Updated: May 24, 2020
"Stop and enjoy" is something my father said often directed towards his family on vacation or to himself in solitude. I grew up in a family that hunting and fishing were so imbedded in our family history that it was natural to feel you should follow that path. But at as a young teenager it was hard to disassociate the beauty of nature and the activity you were participating in.
My father respected nature and as a hunter and as a observer. He did not hunt only for the sport, he put food on our table. Unbeknownst to me as I would join him on these adventures to the great-outdoors I would be infusing myself with the tools and skill sets for a passion that would develop 30 years later.
He taught me how to move though the environment, how to step, what to watch for, what to listen for, what to smell and how to bring those senses into the moment. This education taught me how recognize animal trails and fresh tracks.
One of the most important things that developed as I transitioned into photography was the skill to observe. Wildlife in general does not
want to be seen or interacted with and goes to great lengths instinctually , or adaptively to be avoided or on alert. First lesson was looking for a profile that broke the natural pattern. Try this next time you take a walk and sse how a bird even on a tree branch causes disruption to the natural flow of the surroundings. Then having the patience to slow down, stop and wait to look for that ever so important movement or sound.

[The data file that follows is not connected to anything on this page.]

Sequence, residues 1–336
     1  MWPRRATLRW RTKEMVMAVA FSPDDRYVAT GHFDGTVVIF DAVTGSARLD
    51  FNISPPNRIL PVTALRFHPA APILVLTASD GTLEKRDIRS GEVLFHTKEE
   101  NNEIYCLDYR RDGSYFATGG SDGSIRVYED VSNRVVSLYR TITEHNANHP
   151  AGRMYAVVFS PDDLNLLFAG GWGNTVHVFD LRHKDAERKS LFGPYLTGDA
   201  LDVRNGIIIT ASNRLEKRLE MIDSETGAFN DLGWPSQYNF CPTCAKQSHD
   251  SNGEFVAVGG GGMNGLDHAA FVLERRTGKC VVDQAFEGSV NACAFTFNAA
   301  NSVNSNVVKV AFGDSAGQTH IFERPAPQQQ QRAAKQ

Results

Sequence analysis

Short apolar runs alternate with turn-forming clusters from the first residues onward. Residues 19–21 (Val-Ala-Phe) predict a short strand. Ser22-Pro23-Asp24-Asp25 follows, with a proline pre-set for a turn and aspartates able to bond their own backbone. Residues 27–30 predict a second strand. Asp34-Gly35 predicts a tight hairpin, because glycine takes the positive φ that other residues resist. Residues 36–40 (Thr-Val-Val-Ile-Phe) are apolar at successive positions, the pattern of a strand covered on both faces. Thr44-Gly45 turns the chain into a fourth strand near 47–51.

This my father taught me with me not even knowing it, I am eternally grateful and humbled for everything that he taught me. Now that I am in my mid 40s, if I could, I would tell him I get it now. . . "Stop and enjoy".
This post is dedicated to my peaceful nature loving father who did the best he could and I will always love him for everything that he taught and experienced with me.
Thank you Dad.